Hours of the Virgin

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Catherine of Cleves Praying to the Virgin and Child
Annunciation to Joachim

The Netherlands, Utrecht
ca. 1440
7 1/2 x 5 1/8 inches (192 x 130 mm)

Purchased on the Belle da Costa Greene Fund with the assistance of the Fellows and with special assistance of Mrs. Frederick B. Adams, Sr., Mrs. Robert Charles, Mr. Laurens M. Hamilton, The Heineman Foundation, Mrs. Donald F. Hyde, Mrs. Jacob M. Kaplan, Mrs. John Kean, Mr. Paul Mellon, Mr. and Mrs. Charles F. Morgan, Mr. Lessing J. Rosenwald, Mr. and Mrs. August H. Schilling, Mrs. Herbert N. Straus, Mrs. Landon K. Thorne, Mrs. Alan Valentine, Mr. and Mrs. Arnold Whitridge, and Miss Julia P. Wightman, 1970

MS M.917/945, ff. 1v–2r

Catherine's prayer book begins with a bang. The first thing one sees is Catherine herself, praying from her Book of Hours before the Virgin and Child. On the right, the narrative of the life of Mary commences with an angel's telling the Virgin's father, Joachim, that his wife is with child. The many rabbits symbolize the old man's newfound fecundity. In a parallel manner, the borders proudly proclaim Catherine's noble lineage: eight of her ancestors' arms fill the corners of the folios. Her own arms as duchess of Guelders are prominently positioned directly below the Virgin. In a heraldic act of defiance, she surmounts her arms not with her husband's crest but with the ox of her own house of Cleves.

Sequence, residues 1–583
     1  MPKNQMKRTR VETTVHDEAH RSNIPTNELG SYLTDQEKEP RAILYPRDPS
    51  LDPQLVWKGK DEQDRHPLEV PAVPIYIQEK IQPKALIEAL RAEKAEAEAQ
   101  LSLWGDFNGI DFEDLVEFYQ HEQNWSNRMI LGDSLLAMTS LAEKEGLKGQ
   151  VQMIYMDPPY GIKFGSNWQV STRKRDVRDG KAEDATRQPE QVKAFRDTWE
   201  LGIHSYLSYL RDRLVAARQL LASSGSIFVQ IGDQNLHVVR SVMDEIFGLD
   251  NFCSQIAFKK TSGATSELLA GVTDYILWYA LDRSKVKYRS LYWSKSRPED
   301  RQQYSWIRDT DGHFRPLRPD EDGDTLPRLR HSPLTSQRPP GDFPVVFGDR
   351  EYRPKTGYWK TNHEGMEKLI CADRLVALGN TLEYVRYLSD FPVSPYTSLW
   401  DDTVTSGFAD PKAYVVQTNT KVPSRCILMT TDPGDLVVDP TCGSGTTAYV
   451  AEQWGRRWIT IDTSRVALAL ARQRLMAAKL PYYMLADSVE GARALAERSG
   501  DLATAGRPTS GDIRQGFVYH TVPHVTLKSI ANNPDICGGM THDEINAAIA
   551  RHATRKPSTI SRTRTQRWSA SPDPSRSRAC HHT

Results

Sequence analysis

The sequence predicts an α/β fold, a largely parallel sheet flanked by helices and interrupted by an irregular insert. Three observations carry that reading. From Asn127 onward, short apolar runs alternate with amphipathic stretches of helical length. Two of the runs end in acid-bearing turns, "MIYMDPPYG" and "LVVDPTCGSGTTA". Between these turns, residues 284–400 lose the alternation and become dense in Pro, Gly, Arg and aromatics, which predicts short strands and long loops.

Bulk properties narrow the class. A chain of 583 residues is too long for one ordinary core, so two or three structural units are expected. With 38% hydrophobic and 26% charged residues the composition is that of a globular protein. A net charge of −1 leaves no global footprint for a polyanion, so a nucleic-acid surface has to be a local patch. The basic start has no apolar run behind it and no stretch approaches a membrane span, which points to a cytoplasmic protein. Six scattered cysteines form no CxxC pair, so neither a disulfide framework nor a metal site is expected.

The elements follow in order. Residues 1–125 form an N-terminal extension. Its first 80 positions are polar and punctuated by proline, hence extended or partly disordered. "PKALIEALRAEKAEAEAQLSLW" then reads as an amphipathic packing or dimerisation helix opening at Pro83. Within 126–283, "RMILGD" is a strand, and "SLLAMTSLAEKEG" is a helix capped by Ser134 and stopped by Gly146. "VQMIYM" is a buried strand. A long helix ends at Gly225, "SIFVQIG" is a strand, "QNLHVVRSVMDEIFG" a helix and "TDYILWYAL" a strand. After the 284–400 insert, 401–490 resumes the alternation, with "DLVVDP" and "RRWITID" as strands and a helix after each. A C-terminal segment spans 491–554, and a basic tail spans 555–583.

Hours of the Virgin

The heart of every Book of Hours is the series of prayers called the Hours of the Virgin. Each Hour is composed of psalms plus hymns, biblical readings, and short phrases (antiphons, versicles, and responses). Ideally, these eight Hours were prayed throughout the course of the day:

Matins and Lauds at night or upon rising
Prime (first Hour) at 6:00 a.m.
Terce (third Hour) at 9:00 a.m.
Sext (sixth Hour) at noon
Nones (ninth Hour) at 3:00 p.m.
Vespers (evensong) in the early evening
Compline before retiring.

The Hours of the Virgin date back to at least the ninth century. By the late twelfth century, the Hours appeared in Psalters, prayer books popular with laypeople. With a rising economy and the growth of the merchant class, the thirteenth century saw an increase in lay literacy. By the middle of the century, the Hours of the Virgin "spun off" from the Psalter and formed the core of the laypeople's prayer book, the Book of Hours.

The Virgin Mary is, of course, not mentioned in the numerous psalms of the Old Testament that comprise much of the Hours. Framing the psalms, however, are prayers that offer a mystical interpretation of the psalms and reveal the role played by the Virgin in mankind's salvation.


Image courtesy of Faksimile Verlag Luzern